Facts and stats
- 85,681 farming businesses generate $56 billion in revenue (ABS 2015-2016 Agricultural Census)
- Top three crop commodities are wheat; fruit, nuts and grapes; and vegetables. Most common livestock commodities are beef, dairy, wool and lamb
- Internationally renowned vineyards
- Despite growing automation, the number of people employed in the sector grew by more than 10% to 325,321 people between February 2013 and February 2015
- Farmers are adapting to tougher climatic conditions by prioritising drought resilience and switching crops (The Conversation)
Australia is a vast and diverse country in climatic terms. As a result, its agriculture/farming industry produces a wide range of commodities.
Some 85,681 farming businesses contribute $56 billion to the country’s economy.
The top three crop commodities are wheat; fruit, nuts and grapes; and vegetables. The most common livestock commodities are beef, dairy, wool and lamb.
The country also has internationally renowned vineyards and fisheries.
Australia has a rich farming heritage. Settlers from the First Fleet brought a handful of livestock with them, ready to make the most of the vast land available.
Historically, Australia was been said to have ‘ridden on the sheep’s back’ for a long time. The wool industry dates back to 1797 when John Macarthur and Reverend Samuel Marsden imported Spanish merino sheep and it only grew from there, with wool becoming one of the most important industries for the Australian economy.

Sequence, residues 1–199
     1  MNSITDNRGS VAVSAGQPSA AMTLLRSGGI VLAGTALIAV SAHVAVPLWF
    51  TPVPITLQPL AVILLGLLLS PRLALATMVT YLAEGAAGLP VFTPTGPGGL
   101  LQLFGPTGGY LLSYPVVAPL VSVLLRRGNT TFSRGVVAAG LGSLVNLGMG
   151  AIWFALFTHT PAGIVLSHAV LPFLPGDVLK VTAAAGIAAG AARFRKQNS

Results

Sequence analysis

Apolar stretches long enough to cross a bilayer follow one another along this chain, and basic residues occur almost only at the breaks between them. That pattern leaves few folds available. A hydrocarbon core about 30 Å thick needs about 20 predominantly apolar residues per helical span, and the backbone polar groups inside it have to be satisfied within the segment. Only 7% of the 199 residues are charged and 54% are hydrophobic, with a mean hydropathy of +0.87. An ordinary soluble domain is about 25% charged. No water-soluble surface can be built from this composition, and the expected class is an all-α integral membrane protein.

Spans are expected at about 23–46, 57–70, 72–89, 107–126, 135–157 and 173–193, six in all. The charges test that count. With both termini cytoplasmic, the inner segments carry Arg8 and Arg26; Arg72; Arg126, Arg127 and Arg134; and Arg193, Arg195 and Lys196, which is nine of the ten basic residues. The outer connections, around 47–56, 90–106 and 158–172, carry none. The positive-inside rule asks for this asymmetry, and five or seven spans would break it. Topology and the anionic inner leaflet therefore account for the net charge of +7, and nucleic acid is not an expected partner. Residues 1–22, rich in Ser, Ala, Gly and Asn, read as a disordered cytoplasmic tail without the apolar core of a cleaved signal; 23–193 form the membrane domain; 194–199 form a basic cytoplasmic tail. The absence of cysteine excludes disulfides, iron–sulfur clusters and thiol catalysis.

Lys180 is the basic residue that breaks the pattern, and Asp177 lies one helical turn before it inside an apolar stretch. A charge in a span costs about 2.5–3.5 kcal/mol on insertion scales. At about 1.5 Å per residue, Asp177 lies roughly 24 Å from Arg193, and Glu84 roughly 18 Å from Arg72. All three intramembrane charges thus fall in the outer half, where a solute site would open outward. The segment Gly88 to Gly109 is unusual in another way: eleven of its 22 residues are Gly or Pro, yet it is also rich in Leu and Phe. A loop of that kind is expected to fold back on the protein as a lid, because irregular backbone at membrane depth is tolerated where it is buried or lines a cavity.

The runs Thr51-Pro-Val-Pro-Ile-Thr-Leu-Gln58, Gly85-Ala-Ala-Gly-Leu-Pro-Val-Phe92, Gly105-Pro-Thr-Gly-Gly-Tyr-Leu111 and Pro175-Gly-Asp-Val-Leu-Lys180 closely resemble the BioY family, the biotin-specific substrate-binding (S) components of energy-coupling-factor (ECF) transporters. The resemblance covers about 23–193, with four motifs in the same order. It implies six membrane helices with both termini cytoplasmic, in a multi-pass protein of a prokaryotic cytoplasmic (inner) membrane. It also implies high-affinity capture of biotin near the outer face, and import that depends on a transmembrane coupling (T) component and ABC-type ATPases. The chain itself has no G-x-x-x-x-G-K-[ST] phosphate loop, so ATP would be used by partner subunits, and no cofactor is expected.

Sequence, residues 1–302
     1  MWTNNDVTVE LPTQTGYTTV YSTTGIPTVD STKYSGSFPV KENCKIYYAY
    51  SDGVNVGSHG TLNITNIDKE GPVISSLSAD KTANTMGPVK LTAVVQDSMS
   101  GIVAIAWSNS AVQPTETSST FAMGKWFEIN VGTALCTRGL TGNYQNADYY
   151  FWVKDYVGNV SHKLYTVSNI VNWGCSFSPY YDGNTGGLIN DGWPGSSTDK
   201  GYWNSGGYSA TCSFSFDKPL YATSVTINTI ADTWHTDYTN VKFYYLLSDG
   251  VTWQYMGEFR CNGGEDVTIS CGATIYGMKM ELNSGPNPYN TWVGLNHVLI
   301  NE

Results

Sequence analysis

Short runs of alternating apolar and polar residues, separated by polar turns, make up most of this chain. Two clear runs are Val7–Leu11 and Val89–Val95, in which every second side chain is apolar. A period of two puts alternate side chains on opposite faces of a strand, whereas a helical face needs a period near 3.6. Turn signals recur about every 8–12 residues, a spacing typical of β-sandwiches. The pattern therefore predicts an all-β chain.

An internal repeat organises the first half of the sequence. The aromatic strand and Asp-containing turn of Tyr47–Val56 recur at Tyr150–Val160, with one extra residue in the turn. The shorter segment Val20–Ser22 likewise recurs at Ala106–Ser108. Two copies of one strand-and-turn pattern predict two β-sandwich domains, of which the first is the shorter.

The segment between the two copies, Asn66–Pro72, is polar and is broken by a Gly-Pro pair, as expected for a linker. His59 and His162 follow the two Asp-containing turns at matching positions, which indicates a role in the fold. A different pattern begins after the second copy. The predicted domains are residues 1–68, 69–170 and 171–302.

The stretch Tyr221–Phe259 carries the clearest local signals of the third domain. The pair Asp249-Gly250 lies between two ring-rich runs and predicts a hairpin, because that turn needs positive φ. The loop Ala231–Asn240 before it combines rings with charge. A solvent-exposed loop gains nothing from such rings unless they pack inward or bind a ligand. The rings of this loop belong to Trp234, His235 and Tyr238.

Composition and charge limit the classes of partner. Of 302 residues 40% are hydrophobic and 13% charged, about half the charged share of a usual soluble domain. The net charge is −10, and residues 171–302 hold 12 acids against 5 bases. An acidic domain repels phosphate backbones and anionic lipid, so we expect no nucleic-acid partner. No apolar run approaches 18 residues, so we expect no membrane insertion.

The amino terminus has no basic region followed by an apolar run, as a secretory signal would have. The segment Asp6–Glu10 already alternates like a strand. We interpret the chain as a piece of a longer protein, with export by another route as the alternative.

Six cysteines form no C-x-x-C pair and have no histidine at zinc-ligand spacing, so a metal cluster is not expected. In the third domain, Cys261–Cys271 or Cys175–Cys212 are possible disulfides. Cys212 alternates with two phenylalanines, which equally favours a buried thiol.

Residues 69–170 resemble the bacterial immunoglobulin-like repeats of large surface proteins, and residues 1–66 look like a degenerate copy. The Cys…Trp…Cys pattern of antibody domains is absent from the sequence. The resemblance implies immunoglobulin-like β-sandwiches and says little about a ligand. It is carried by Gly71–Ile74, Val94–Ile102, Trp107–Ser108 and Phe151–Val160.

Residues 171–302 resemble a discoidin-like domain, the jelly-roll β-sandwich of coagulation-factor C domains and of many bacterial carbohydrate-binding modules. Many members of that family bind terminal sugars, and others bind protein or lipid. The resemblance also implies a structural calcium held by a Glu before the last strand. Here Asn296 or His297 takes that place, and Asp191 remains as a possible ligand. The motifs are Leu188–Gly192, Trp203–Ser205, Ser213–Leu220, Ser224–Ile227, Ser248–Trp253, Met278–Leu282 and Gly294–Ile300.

Wars and economic problems meant the wool industry faltered in the early 1900s. By the time it recovered it had been overtaken by the cattle and wheat industries but the agricultural sector as a whole was booming again and it’s largely prospered ever since.
Every generation of Australian farmers experiences its own challenges. For the First Fleet it was trial and error to find something that worked; for the early 20th century farmers it was war and a difficult economy that set them back.
The unpredictability of Australia’s climate has forced farmers to be adaptable, resilient and resourceful. Small wonder that many seminal agricultural inventions emerged from the island-continent.
The 1840’s Ridley Stripper, for instance, removed heads of grain, with threshing done later by a different machine, while the stump-jump plough helped farmers prepare mallee lands for cultivation.
Two thirds of Australia’s land is used for farming production, with commodities chosen largely dependent on typical rainfall. While cattle and sheep grazing suits the arid and semi-arid areas, the dairy, timber, sugar, fruits and vegetables industries are typically concentrated in the coastal regions.
Even so, choosing a location based on rainfall alone does not always guarantee the perfect farming climate. Water scarcity has been a perennial problem, even in areas of higher average rainfall.
Harsh droughts have persisted for years on end, yet devastating floods have also been known to wipe out crops in a matter of days.
As climate change makes weather patterns even more extreme, these problems are sure to become more challenging.
While 2016-17 has been a bumper year, with record production, exports and profits, the long-term trend is more concerning. Changes in climate have cut potential Australian wheat yields by around 27% since 1990, according to CSIRO modelling.